Who Does Milo Help through Coaching and Classes?
One-on-one coaching sessions
The majority of Milo Shapiro’s clients are business professionals, ranging from CEOs to middle managers to sales reps to entrepreneurs. Some are trying to be better speakers in general; others just want to kick butt at a specific upcoming program.
Numerous others are upwardly-mobile staff who want to be seen as more effective and eloquent at staff meetings to help with their career ambitions. And occasionally, Milo has worked with such varied needs as wedding speeches, eulogies, pageant speeches, and venture capital pitches.
Bottom line: If you’re giving a presentation, Milo can help you be at your best.
Most clients meet Milo in person, one-on-one, for the fastest most personal learning experience, but other options exist, as referenced below.
Coaching via Video Conference
For those outside the San Diego area (or even occasionally for those who are where meeting in person proves challenging), Milo works with many of his clients over video calls.
While it might seem that being in person would be necessary, there’s actually a tremendous amount that can be accomplished regarding content and delivery in a computer session. Milo has worked in an ongoing basis with folks as far from San Diego as Tokyo, thanks to this tech option.
Public Dynamics™ group events work upon the same skills described on our Public Speaking Coach overview page, but in an environment where shared learning is built into the time together.
Milo weaves instruction, demonstration, group experimentation and direct feedback to create deeper understanding and yield actionable ideas that participants will be able to implement.
Based on time allocated, feedback may or may not be given to all, but everyone gains knowledge in the process. Some exercises are designed to be done in duos or small groupings, allowing peers to become aides in each other’s development.
This also works well in combination with our team building program, TEAMprovising, as the two can dovetail nicely, making the event more fun but still chock full of learning.
In early 2016, we all heard Jimmy Fallon’s “How stiff is Jeb Bush?” jokes. Likewise, Al Gore lost the presidency in 2000 by under 600 votes. Might Jeb or Al have become our presidents if they had been just a little more dynamic?
It’s certainly not a party issue: Same goes for both bland Democrat John Kerry in ’04 and unexciting Republican John McCain in ’08…both with the potential to win, but no presidential legacy now.
Conversely, in the same party as Gore and Kerry, why were even Bill Clinton’s opponents swept up by his speeches while Hillary’s connection was on and off? How fascinating were the 2012 debates, with two passionate well-trained speakers like Barack Obama and Mitt Romney? Beyond the elections, why are the late Steve Jobs’ speeches legendary while most CEOs are unknown to the public? How did Oprah go from welfare to well-off?
Charisma comes from an inner place of freedom and permission. Improvisation gives us a safe place to develop personal dynamic skills, adding them to the tool belt we draw from as we work, speak, and connect with others. You need that edge. Ask Al if it would have mattered.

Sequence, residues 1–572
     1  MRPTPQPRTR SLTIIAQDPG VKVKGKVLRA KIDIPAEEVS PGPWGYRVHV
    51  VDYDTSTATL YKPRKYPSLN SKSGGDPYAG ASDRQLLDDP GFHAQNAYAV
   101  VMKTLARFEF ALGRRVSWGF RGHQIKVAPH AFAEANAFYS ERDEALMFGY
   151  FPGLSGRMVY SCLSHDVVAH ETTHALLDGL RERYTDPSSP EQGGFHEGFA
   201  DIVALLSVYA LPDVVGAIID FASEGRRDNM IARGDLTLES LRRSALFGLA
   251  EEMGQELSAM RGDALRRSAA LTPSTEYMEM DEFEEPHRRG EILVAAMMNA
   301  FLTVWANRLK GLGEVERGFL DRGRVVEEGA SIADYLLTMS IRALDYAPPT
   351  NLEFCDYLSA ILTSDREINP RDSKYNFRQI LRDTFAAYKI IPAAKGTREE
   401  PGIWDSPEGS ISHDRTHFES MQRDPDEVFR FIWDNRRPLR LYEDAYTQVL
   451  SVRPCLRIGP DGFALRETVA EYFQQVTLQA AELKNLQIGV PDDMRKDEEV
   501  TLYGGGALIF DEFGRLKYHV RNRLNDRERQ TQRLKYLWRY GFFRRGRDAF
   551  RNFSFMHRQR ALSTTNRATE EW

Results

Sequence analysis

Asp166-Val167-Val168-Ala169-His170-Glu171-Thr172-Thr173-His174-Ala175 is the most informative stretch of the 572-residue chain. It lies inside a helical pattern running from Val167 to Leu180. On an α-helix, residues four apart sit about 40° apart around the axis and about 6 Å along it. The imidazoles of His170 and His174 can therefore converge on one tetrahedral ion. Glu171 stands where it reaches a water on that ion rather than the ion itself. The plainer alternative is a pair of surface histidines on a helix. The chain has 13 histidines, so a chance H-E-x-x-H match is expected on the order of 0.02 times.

In Public Dynamics, those in the public spotlight have a chance to work on all the goals described above, but with an understanding of the additional difficulties that challenge the campaigner, including:
- Coming across likable (amazingly important)
- Adding LIFE to your message so that people will care and listen
- Showing concern, even when you know you can’t or won’t address an issue
- Working Q&A more effectively
- Conveying respect
- Using story effectively instead of data
Milo is aware of the sensitivity that politics carries and your guarantee of confidentiality is assured. His work with a candidate in 2016 gave a certain incumbent congressman more of a challenge than he expected from a newcomer to the political scene.
It’s not easy to be a communicator in a generation that thinks Snapchat videos of 10 seconds are effective communication.
How do we communicate effectively when many Millennials believe that a text or Instagram can express as much as one can in person? And how can you walk the line of holding the attention of your peers and still being taken seriously by listeners older than you?
Communication with your peers is important, but being able to communicate with those who are a number of years ahead of you will pay off with teachers, college interviewers, internship managers, job interviews, and — most of all — at that first job.
The ability to speak clearly, make a point effectively, and respond appropriately are key factors that HR Directors are saying they are yearning for in their Millennial applicants.
So whether you have some specific programs coming up or if you and your parents just want to set you up for success in the years to come, coaching can be a way to shortcut a lot of trial-and-error so that you’re seen as a success from the start!
See video to the right of Milo talking about teens and speaking on KUSI Channel 9 news.